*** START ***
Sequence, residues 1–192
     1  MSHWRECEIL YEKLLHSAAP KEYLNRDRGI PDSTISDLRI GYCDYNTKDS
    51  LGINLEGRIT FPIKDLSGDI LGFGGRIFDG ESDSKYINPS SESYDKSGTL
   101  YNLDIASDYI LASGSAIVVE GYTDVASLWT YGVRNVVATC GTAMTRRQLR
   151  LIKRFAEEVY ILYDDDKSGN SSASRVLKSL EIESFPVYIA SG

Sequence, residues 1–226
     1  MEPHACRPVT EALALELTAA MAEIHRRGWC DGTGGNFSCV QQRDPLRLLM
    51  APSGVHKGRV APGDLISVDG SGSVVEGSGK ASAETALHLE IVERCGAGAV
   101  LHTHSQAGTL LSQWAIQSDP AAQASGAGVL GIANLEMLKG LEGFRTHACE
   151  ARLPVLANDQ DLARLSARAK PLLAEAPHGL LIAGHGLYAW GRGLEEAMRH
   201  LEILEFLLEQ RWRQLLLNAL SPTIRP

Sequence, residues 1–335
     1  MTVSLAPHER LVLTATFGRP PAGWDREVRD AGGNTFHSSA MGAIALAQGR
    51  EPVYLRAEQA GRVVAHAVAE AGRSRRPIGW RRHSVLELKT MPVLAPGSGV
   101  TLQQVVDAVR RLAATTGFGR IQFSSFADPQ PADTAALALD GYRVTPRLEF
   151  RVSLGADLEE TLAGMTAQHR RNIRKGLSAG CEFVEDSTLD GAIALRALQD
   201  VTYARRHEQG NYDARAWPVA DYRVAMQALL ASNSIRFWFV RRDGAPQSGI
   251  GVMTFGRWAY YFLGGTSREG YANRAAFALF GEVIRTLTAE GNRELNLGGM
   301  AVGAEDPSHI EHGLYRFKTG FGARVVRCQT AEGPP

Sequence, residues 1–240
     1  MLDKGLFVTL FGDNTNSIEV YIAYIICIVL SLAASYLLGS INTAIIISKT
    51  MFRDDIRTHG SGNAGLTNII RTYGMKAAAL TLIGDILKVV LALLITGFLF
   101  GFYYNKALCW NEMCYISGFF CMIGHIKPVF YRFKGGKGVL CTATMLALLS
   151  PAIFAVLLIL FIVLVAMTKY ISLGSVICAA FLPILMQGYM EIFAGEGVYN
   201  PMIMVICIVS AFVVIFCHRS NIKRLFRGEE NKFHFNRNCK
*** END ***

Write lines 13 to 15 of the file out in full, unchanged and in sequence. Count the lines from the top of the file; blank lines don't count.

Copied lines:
     1  MTVSLAPHER LVLTATFGRP PAGWDREVRD AGGNTFHSSA MGAIALAQGR
    51  EPVYLRAEQA GRVVAHAVAE AGRSRRPIGW RRHSVLELKT MPVLAPGSGV
   101  TLQQVVDAVR RLAATTGFGR IQFSSFADPQ PADTAALALD GYRVTPRLEF